Other Systemic Rheumatic Diseases
Though it may be hard to believe, the above list is not exhaustive of all the different causes of arthritis. Other less common systemic (whole-body) illnesses may cause arthritis, a few examples being:

Systemic sclerosis
Sarcoidosis
Familial Mediterranea fever
Non-Arthritis Causes
Numerous conditions may cause joint pain that is not related to an underlying disease or inflammatory process within the joint.

Fibromyalgia
The predominant symptoms of fibromyalgia, a chronic pain condition, are widespread muscle tenderness, nerve-related pain, crippling fatigue, and cognitive dysfunction dubbed “fibro fog.” Some people with this illness have joint aches and, sometimes, minor joint swelling. However, doctors generally don’t find any serious inflammation on physical exam or inflammatory markers via blood tests.16

The pain of fibromyalgia is related to dysfunction of the nervous system and hypersensitivity in the nerves. Rather than being linked to specific areas of the body, fibromyalgia pain is more likely to move around from place to place.

Extensive List of Fibromyalgia Symptoms
Hemarthrosis
Hemarthrosis occurs when you have bleeding into a joint. It may be due to a number of reasons, including trauma, a bleeding disorder like hemophilia, a postsurgical complication, or tumor growth like a synovial hemangioma.

Hypothyroidism
The most common cause of hypothyroidism—an underactive thyroid gland—is Hashimoto’s thyroiditis, which is when your body’s immune system launches an attack on your thyroid.17 Hypothyroidism may cause numerous symptoms, including:

Fatigue
Weight gain
Constipation
Cold intolerance
Joint aches
Stiffness
How to Tell if You Are Hypothyroid
Depression
You may be surprised to learn that unexplained aches and pains, including joint pain, are a primary physical manifestation of depression.18 Other common symptoms of depression include a loss of interest in pleasurable activities, a change in appetite, sleep disturbances, difficulty concentrating, and feelings of hopelessness and/or guilt.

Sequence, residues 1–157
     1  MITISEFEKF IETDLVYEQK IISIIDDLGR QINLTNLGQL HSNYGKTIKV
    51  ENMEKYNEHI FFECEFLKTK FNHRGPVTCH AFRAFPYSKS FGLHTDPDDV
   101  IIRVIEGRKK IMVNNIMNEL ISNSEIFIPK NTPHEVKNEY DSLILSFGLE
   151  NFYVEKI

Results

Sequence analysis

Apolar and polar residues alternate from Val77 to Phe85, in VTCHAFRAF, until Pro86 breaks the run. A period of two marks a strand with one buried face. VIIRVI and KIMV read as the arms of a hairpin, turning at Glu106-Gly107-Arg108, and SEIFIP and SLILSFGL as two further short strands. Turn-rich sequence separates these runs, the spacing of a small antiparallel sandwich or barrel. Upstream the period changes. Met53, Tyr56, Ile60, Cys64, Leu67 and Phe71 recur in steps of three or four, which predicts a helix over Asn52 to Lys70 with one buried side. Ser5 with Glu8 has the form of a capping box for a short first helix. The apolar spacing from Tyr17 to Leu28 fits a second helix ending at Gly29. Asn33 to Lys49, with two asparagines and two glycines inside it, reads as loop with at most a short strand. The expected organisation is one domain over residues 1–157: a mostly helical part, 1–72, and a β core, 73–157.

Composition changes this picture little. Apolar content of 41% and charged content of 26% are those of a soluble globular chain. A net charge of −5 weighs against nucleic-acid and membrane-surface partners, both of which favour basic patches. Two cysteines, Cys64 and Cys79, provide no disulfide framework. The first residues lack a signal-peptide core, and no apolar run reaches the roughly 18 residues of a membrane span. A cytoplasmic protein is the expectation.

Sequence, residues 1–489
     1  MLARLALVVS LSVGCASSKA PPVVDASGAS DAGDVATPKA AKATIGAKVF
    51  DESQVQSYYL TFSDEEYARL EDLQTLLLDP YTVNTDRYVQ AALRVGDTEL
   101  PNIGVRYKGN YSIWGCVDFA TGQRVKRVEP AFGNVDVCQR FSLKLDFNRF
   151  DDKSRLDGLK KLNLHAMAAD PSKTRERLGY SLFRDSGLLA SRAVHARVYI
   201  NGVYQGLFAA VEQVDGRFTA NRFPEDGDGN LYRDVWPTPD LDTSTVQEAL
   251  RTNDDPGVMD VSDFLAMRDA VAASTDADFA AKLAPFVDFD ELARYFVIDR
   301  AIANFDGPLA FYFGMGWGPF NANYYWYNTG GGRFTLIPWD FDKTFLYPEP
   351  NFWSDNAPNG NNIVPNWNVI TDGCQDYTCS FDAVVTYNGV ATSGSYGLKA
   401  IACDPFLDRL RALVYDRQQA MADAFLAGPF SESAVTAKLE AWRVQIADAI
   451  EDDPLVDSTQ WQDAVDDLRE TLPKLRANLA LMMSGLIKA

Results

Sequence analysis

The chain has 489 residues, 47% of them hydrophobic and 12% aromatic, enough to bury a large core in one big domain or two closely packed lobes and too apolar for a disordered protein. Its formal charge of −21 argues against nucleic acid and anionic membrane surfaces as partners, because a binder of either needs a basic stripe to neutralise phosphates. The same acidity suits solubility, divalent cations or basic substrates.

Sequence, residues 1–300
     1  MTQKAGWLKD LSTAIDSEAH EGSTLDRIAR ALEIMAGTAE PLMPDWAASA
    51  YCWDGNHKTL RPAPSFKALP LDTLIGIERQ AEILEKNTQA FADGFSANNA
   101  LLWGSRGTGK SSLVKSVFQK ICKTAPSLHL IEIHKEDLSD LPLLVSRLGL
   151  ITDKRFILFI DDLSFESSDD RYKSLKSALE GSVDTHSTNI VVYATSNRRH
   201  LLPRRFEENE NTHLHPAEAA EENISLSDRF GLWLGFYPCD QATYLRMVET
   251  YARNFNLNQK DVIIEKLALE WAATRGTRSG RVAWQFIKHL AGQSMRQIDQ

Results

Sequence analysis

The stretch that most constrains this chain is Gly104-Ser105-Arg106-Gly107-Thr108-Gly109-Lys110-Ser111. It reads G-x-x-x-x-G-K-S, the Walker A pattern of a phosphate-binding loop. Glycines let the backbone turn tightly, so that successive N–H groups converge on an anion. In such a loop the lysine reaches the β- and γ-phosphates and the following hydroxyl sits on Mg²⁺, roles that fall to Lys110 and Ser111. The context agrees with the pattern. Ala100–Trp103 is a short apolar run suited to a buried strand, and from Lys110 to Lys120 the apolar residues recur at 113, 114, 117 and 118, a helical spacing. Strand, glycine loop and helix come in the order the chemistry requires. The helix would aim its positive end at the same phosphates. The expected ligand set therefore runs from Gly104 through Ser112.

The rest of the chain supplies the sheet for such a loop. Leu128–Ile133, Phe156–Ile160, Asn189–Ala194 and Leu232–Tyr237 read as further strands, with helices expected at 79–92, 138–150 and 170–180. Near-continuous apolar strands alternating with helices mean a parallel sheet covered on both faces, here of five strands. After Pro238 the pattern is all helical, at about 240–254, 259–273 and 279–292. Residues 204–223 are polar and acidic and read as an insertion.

Depression’s Connection to Chronic Pain
When to See a Doctor
New joint pain is a reason to see your doctor. If you have a pain condition but are experiencing pain in a new area or a markedly different type of pain, be sure to get an appointment.

Many people with one pain condition go on to develop another. For example, it’s common for someone with rheumatoid arthritis or lupus to eventually develop secondary fibromyalgia.

Seek urgent medical attention if your joint pain is severe or you have any of the following additional symptoms:

Fever
Unexplained weight loss
Inability to function in daily life due to your joint problem
Feeling ill
Hot or significantly swollen joint
Sudden numbness or burning and/or muscle weakness
Diagnosis
A thorough medical history is often key to diagnosing the cause of your joint pain. It helps to be as detailed as possible when having this conversation with your doctor.

Along with this, your doctor will conduct a comprehensive physical examination and, in some cases, blood tests, imaging tests, and a joint aspiration procedure. In rare cases, a biopsy (a tissue sample) is needed.

Medical History
In order to sort out your diagnosis, your primary care doctor may start by inquiring about the precise characteristics of your joint pain:

Where exactly does it occur?
How intense is the joint pain?
Does it occur at certain times of day? After certain activities or periods of rest?
What worsens or improves your joint pain?
These details can be telling and help narrow down possible diagnoses.